"Stigmata" is a supernatural scary film directed by Rupert Wainwright and released in 1999. The story revolves around a girl called Frankie Paige (Patricia Arquette) living in Pittsburgh, Pennsylvania, who begins to reveal indications of stigmata, the physical symptom of Jesus Christ's crucifixion wounds. The Vatican sends out a priest, Father Andrew Kiernan (Gabriel Byrne), to examine the apparently mysterious phenomena.Plot Summary
The movie opens by showcasing Father Andrew Kiernan, a researcher and private investigator of spiritual phenomena for the Vatican. On The Other Hand, Frankie Paige, a hairdresser without any spiritual affiliation, receives a rosary from her mother who recently returned from a journey to Brazil. Soon after, Paige begins to experience the wounds connected with the stigmata.
Upon seeing her abrupt inexplicable conditions, Father Kiernan is dispatched by the Vatican. He performs a series of tests and records the mysterious happenings. The strange elements, combined with Paige's outspoken aggression towards authoritarian religion and her quick attachment to Kiernan, result in a stark story contrast in between faith, secret, and reality.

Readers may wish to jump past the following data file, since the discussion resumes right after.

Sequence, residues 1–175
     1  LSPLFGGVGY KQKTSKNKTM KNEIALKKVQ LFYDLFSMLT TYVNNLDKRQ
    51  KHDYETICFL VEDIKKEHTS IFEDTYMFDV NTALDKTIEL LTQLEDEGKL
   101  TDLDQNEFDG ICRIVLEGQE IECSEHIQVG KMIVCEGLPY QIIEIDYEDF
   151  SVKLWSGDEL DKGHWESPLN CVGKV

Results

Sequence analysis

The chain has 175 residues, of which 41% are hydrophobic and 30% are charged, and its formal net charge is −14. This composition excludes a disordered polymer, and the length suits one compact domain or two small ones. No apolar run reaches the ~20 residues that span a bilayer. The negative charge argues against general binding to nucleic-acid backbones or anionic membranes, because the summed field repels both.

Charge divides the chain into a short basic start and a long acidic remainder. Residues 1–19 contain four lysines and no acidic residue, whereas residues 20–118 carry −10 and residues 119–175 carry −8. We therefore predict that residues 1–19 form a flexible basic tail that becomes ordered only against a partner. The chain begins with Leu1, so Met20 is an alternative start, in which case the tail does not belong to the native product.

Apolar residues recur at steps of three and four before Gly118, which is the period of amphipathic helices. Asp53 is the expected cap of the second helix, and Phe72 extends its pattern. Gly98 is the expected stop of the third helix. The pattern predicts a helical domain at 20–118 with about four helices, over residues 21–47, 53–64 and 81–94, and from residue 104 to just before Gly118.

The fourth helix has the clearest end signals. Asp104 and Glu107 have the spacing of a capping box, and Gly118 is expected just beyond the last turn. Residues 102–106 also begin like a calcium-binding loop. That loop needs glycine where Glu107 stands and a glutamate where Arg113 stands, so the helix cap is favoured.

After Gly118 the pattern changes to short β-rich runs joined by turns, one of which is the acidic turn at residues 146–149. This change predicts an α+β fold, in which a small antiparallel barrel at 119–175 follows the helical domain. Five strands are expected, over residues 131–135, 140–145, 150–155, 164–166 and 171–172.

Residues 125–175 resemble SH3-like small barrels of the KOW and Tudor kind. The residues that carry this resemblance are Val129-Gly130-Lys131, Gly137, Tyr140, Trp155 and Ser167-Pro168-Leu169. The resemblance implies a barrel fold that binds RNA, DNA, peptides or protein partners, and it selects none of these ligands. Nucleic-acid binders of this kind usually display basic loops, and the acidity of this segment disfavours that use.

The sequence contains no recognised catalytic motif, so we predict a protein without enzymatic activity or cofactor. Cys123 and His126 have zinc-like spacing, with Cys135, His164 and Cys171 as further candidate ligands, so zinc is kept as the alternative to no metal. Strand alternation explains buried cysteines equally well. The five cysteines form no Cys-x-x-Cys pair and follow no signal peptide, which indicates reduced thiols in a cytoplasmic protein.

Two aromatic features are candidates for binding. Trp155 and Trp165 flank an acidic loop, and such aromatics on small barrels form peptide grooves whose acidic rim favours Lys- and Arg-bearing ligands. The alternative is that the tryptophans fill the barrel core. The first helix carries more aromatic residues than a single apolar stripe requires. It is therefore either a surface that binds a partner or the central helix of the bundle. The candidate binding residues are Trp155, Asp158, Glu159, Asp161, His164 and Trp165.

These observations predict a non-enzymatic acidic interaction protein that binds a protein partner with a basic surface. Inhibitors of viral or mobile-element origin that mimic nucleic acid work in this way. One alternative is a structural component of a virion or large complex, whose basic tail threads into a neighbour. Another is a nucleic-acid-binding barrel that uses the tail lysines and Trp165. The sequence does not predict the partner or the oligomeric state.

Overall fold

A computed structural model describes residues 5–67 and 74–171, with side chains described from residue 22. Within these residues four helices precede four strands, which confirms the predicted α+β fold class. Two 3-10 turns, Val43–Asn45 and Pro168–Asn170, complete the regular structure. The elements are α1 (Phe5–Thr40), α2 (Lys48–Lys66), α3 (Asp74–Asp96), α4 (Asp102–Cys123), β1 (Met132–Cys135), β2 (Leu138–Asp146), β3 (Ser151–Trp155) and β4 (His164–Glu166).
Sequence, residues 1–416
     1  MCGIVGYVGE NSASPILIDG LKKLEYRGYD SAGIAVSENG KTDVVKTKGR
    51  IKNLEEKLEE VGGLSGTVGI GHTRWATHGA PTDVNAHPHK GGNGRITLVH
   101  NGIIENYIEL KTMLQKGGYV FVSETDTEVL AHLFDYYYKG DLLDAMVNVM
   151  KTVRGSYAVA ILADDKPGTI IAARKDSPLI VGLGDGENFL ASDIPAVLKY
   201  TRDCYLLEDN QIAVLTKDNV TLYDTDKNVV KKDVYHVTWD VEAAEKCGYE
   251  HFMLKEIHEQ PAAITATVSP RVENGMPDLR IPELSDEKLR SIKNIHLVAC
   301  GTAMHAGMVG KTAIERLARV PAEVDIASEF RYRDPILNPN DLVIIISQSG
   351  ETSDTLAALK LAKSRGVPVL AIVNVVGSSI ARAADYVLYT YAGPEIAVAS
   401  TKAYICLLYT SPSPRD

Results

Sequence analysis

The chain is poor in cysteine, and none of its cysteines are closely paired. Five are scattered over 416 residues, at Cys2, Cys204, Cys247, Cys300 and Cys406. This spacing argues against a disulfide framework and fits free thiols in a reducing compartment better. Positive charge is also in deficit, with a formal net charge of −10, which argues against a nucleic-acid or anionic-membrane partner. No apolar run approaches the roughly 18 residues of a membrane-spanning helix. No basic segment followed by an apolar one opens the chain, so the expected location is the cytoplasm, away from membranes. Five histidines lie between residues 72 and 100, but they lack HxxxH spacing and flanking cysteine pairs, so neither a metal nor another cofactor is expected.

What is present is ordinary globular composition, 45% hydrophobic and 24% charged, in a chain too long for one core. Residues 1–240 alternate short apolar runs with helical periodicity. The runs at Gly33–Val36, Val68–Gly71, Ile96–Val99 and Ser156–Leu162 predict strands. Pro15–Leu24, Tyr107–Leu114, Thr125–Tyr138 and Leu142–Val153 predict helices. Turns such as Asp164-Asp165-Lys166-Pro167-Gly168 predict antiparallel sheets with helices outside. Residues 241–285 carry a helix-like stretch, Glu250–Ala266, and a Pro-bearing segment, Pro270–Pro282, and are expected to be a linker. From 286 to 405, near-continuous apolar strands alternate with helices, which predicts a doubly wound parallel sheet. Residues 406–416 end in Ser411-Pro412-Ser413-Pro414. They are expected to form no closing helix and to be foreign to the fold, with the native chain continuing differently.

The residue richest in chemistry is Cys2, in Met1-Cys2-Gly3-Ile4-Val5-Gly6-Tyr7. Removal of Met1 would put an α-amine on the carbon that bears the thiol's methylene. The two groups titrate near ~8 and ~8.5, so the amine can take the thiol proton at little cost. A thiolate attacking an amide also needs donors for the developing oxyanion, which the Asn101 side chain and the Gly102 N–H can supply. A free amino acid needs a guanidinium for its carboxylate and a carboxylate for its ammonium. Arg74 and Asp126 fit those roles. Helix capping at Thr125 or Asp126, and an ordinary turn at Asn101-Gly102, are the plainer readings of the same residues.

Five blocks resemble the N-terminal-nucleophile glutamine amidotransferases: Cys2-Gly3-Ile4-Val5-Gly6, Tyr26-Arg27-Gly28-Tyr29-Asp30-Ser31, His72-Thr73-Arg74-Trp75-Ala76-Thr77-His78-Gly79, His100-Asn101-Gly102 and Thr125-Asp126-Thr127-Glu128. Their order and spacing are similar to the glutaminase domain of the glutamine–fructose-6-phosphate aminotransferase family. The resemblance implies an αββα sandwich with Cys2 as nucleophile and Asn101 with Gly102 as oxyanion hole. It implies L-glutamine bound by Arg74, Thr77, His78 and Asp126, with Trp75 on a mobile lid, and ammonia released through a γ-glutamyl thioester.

Ultimately, it is exposed that the rosary provided to Paige holds the spirit of a deceased priest who had actually discovered a lost gospel. This gospel, too questionable for the Church, had resulted in the priest's death, and his spirit, now attached to the rosary, was trying to expose its existence through Paige's stigmata.Styles and Symbolism
Stigmata explores dark and concealed elements of the Catholic Church through styles of faith, corruption, and authority. The movie likewise delves into conversations of desire, truth, and liberty. Regardless of Paige's preliminary antagonism, she evolves to accept the phenomenon affecting her, declaring her as a 'blessed,' rather than 'afflicted,' private.
The movie utilizes symbolic elements greatly, utilizing extreme visual cues to represent the stigmata's onsets and showcasing Paige's battle with her newly found power. Daddy Kiernan, as an intermediary between faith and science, represents the Church's battle to fix up modernity with custom. The controversial gospel and its discovery represent a require a more personal, independent connection with God, a stark contrast to the movie's depiction of the Church's orthodoxy.Conclusion
Coming to a climax, it is revealed that the Church had understood about the lost gospel and suppressed it due to its controversial message: that the kingdom of God is within every individual, revoking the Church's hierarchical function in connecting the people with God. The movie concludes with Frankie becoming devoid of the stigmata after the lost gospel gets revealed to the world. Father Kiernan, disillusioned by the Church's corruption, leaves his position.
In the last scenes, "Stigmata" questions the nature of belief and the function of religious organizations. In spite of its horror framing, the film's core message holds a deep expedition of faith, individual connection with God, and the conflict between individual belief and institutionalized religion.